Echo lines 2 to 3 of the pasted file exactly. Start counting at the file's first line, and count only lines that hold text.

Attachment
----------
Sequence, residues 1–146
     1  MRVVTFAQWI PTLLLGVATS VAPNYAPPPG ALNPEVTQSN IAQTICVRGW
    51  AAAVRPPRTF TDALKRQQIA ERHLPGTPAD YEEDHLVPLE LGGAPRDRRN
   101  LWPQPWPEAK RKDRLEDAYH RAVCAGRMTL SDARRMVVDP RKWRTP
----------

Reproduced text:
     1  MRVVTFAQWI PTLLLGVATS VAPNYAPPPG ALNPEVTQSN IAQTICVRGW
    51  AAAVRPPRTF TDALKRQQIA ERHLPGTPAD YEEDHLVPLE LGGAPRDRRN